A major retail landlord with a national portfolio of shopping centres has pointed to the positive impact of business rate relief ahead of a “challenging” year for the industry.
NewRiver, a real estate investment trust, prioritises affordable rents for tenants providing “essential goods and services,” leaving it well-placed to deal with the pressures faced by consumers dealing with the cost-of-living crisis.
The top three occupiers of space in its outlets are B&M, Primark and Poundland, and it is also home to chains including Boots and Superdrug. It owns centres across the UK, including Bexleyheath in London and Burgess Hill in West Sussex, as well as in Hastings and Newtonabbey in Northern Ireland.
Allan Lockhart, its chief executive, told The Standard that some assistance was on the way after a “very challenging time for retail” over the last two-and-a-half years, and ahead of the prospect of a “lengthy but shallow recession”,
“There is a tailwind coming through around business rates, from the government, it’s very helpful that they have got rid of the cap on downward transition, so tenants who are receiving a reduction are going to receive it immediately from April next year.”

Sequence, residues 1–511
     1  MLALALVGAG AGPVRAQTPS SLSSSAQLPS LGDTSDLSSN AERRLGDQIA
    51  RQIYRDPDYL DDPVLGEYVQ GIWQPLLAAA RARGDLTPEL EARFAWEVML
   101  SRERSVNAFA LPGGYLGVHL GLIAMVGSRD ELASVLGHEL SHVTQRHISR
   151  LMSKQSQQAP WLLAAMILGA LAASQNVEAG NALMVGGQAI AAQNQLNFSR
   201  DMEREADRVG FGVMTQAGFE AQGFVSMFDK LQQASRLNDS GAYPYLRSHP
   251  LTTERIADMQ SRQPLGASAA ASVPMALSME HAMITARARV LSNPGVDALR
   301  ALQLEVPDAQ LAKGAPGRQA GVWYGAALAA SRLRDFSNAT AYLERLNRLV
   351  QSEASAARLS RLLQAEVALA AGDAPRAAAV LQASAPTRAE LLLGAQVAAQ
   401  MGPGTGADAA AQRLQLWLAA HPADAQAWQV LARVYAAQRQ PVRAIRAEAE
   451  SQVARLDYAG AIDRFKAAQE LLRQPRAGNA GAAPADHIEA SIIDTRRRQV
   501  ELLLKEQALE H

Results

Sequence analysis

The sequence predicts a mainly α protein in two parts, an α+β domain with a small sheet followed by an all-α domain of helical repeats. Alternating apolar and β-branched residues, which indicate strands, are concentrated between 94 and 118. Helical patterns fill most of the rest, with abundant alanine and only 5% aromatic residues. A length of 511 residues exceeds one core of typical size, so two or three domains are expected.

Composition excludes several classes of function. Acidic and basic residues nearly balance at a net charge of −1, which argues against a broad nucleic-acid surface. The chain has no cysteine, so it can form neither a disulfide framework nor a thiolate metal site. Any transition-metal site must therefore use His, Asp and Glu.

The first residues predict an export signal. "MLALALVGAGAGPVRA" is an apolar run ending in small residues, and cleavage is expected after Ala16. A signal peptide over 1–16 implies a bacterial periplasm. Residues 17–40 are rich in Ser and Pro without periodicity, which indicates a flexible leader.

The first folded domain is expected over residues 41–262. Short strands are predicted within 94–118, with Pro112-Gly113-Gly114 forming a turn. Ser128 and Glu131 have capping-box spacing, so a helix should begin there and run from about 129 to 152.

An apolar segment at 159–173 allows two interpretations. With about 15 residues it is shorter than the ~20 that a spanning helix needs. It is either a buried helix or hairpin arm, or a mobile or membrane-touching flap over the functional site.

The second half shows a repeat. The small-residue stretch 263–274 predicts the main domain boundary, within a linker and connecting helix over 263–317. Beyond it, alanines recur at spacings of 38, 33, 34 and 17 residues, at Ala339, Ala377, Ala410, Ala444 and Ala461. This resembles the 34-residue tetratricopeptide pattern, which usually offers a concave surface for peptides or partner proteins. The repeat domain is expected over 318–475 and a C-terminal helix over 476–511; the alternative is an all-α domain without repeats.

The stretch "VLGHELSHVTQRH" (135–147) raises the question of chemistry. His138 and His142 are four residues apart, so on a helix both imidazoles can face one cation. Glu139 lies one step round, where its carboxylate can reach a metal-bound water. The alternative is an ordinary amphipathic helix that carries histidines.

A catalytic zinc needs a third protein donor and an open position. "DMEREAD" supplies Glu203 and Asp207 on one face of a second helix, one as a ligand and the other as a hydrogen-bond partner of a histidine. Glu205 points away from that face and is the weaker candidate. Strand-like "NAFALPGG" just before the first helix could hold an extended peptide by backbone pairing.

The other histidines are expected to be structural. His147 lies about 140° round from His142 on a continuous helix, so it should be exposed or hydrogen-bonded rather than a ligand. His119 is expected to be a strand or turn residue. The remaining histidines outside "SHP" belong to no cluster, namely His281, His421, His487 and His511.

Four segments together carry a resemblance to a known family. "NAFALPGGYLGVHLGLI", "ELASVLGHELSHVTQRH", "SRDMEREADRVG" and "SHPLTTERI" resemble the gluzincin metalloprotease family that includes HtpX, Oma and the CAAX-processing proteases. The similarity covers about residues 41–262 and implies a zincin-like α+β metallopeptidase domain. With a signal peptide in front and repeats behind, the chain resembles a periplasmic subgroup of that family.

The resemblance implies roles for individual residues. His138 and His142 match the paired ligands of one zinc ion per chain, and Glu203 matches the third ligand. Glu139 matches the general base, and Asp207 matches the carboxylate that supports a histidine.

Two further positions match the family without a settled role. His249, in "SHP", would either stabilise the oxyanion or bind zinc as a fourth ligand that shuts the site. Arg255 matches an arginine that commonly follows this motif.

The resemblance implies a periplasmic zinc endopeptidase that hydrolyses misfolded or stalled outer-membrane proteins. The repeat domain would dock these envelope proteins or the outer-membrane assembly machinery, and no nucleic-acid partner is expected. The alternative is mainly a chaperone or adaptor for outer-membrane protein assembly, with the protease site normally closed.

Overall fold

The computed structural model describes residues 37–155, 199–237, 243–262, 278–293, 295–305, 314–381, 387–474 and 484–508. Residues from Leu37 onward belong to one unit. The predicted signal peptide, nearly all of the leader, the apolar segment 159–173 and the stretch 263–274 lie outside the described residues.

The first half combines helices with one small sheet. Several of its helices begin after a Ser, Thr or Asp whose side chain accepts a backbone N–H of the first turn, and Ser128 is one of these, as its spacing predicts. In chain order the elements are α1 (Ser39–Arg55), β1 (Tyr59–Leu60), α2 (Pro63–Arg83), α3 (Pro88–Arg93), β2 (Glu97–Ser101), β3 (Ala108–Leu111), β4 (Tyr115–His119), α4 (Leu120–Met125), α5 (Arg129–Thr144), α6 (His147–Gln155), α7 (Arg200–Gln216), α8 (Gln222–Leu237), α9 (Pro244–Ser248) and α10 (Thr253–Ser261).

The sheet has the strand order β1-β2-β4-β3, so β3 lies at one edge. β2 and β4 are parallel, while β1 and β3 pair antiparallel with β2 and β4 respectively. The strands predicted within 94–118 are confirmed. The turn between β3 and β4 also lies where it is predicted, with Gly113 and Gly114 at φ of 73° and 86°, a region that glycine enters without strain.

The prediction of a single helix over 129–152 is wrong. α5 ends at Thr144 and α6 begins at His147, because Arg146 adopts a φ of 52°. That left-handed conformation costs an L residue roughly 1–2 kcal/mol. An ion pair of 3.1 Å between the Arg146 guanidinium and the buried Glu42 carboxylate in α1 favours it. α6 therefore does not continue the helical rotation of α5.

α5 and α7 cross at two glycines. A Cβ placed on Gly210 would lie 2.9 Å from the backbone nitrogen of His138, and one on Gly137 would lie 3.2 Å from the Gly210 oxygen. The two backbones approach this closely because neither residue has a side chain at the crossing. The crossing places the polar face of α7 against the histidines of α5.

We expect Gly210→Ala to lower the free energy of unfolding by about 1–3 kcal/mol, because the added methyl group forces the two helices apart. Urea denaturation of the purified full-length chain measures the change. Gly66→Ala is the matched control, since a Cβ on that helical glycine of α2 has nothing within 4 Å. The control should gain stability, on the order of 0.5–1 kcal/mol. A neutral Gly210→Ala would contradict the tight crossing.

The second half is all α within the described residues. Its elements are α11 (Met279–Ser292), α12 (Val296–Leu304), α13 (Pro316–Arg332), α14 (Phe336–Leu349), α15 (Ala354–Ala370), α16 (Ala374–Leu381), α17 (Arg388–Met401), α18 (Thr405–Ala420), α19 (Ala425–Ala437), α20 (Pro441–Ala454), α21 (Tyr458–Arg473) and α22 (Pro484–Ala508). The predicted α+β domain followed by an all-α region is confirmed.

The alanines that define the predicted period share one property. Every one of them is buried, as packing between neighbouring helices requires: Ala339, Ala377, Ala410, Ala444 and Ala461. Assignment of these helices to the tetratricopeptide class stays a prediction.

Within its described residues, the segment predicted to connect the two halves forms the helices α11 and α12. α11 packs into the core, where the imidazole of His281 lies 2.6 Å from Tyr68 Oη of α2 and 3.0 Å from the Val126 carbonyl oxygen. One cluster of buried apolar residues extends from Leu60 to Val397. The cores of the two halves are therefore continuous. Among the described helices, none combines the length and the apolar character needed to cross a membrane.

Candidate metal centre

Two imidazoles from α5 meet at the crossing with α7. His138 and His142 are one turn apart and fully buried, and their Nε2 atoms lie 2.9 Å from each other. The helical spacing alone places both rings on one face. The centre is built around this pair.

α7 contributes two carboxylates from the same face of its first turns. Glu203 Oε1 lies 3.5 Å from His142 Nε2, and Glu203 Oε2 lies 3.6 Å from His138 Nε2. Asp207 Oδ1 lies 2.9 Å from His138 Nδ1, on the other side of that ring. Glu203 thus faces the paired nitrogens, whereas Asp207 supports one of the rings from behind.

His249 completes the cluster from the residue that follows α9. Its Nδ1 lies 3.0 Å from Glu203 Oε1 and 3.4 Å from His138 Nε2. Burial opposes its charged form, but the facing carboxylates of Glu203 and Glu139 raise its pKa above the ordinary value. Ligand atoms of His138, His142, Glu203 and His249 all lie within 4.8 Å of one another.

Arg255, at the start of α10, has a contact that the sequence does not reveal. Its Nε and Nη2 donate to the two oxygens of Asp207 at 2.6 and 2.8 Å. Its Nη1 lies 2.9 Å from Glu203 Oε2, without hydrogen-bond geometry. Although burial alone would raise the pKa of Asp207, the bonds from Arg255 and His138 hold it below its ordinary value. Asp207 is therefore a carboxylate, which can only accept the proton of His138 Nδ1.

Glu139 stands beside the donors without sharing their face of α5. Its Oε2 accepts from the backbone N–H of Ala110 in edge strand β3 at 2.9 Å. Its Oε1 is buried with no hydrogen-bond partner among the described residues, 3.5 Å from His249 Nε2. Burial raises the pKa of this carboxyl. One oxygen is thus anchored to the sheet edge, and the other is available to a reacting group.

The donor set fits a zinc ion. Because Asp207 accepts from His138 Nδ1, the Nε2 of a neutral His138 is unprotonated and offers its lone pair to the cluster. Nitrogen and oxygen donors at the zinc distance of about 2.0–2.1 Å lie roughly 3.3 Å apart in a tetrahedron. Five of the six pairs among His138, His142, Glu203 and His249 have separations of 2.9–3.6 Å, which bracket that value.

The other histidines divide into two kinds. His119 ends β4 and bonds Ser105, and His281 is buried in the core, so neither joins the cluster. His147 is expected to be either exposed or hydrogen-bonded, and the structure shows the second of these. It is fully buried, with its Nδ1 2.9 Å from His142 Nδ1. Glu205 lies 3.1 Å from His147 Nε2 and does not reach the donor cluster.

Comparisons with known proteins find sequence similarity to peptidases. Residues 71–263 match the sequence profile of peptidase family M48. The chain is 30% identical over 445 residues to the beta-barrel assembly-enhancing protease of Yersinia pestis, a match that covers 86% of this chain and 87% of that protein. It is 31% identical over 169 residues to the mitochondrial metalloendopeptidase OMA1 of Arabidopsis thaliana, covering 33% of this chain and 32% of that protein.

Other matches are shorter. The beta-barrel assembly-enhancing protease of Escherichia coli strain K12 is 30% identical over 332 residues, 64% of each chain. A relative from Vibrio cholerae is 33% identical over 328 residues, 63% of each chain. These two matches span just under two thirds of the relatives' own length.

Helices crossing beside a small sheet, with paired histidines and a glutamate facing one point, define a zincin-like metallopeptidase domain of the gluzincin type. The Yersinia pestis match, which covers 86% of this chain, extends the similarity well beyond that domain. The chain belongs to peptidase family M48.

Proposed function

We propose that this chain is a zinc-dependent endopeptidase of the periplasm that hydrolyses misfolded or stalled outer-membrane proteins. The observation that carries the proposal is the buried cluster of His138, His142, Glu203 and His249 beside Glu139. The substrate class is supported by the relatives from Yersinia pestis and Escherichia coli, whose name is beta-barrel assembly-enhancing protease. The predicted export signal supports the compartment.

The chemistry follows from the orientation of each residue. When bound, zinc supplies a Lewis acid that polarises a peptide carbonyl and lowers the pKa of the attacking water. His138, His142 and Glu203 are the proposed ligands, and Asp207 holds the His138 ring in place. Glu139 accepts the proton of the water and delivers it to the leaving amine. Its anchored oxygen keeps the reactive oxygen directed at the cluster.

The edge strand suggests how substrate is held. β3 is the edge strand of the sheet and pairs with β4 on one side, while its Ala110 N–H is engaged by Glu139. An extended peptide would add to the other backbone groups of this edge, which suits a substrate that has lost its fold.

He added that the average reduction for NewRiver tenants would be 19%, which was “really helpful” as businesses face wider cost increases.
The company, which is based in Charlotte Street, reported retail underlying funds from operations of £13.6 million in the first half, up from £12.8 million in the same period a year ago. It lifted its payout to investors by over 6% to 3.5p per share. Interim rent collection levels reached 97% up from 90% last year.
“We’ve always focused on rental affordability,” said Lockhart. “What sustains rents in the long run is if tenants can afford those rents and trade properly … We should be resilient next year and the financial impact of a recessionary environment should be relatively minimal.”
NewRiver also intends to redevelop some of its centres in the South East to include less retail space and more residential development, a strategy that works where house prices are higher. It is seeking planning permission to demolish its centre in Grays in Essex, where it has plans for 900 new homes.
Lockhart said such schemes were “much easier in the London area,” because “house prices are at a level that makes the projects viable.”